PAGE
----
A returnee to Anbar from Basrah reported the following story that shows that while the fighting may have ended, lingering issues continue to destabilize the area, in particular in the struggle for political power and control. “In general, safety is not one hundred percent. The security situation is deteriorating because of unwise leaders in the country’s management. The best example I can give of this is five days ago; a rumor got started in Ramadi which said that ISIL was returning again. We do not know where the rumor was started or what the purpose of it was. […] I think that the rumor was for a political campaign purpose, to help a party so that there would be a lack of participation in the elections and it would get the votes from those who are bored and who have deteriorating [living] situations and those who live in camps.”
Structural problems of not being able to get access to property, such as ongoing fighting, unexploded ordinances (UXOs), or authorities not giving permission, however, prevent the return of many. In 2017, eighty-five percent of returnees were able to access their properties, while around nine in ten households that were IDPs (and movers) were unable to access their properties. These differences reveal the obvious situation that it was likely that those who returned were those who were able to access property. When asked about the condition of their house, returnees have the lowest percentage of houses destroyed (twenty-five percent), compared to IDPs (forty-four percent) and movers (sixty-eight percent).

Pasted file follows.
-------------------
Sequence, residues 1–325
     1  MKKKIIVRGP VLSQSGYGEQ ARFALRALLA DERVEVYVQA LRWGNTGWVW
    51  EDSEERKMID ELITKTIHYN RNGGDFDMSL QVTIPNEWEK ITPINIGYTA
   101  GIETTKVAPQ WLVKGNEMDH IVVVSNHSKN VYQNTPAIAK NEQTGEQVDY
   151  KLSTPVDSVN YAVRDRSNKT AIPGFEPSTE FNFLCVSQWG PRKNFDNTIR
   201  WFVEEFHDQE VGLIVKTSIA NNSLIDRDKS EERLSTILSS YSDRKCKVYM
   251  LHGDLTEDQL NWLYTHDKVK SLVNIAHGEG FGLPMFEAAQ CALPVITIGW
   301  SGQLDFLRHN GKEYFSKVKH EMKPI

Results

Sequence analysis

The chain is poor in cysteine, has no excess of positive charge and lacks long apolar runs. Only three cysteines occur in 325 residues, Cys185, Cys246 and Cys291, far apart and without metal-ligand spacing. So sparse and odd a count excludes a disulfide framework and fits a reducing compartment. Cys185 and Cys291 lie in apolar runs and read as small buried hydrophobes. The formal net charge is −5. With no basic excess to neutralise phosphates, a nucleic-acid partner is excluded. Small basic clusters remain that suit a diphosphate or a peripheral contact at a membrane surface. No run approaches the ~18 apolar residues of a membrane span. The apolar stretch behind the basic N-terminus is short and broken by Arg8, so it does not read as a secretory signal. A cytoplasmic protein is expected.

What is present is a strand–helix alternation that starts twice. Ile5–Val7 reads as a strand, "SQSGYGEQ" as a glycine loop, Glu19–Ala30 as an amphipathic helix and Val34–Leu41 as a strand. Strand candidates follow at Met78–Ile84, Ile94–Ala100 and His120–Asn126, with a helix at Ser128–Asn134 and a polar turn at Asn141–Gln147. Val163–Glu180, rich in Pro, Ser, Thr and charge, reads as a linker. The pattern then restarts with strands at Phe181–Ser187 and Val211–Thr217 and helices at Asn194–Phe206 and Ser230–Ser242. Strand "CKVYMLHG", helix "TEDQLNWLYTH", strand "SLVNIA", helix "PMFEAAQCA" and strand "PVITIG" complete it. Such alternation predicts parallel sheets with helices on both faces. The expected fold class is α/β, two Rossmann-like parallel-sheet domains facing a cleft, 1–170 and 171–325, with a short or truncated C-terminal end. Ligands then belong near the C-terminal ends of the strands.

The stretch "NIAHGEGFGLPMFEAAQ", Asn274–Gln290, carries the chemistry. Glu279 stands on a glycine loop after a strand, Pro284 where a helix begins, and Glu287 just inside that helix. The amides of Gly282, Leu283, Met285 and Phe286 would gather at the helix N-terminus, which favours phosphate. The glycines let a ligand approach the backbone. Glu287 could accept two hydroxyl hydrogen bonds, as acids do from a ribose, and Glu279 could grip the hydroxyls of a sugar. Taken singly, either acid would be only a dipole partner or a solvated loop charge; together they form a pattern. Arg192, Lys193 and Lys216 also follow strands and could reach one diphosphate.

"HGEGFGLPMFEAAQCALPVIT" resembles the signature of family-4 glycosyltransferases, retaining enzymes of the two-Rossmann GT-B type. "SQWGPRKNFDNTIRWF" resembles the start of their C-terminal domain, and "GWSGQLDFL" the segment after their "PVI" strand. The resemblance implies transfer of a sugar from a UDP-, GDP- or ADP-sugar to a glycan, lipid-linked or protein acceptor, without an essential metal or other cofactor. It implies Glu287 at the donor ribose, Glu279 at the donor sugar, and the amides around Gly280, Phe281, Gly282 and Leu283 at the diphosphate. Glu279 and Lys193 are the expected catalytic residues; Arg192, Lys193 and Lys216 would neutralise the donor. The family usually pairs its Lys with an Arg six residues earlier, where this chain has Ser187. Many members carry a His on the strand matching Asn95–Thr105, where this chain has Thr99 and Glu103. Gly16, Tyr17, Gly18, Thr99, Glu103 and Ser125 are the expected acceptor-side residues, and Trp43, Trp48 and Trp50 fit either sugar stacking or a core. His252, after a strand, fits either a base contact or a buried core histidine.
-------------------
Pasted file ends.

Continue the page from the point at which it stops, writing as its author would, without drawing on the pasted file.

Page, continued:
Partial damage to properties was very widespread, which has long-term implications when coupled with the lack of housing, land and property-related mechanisms to assist returnees in recovering or rebuilding their property. The damage to buildings such as homes and businesses present significant obstacles to return being sustainable for Iraqi IDPs, complicating issues of financial stability, and returnees’ ability to secure other basic necessities, such as schooling for children and medical treatment.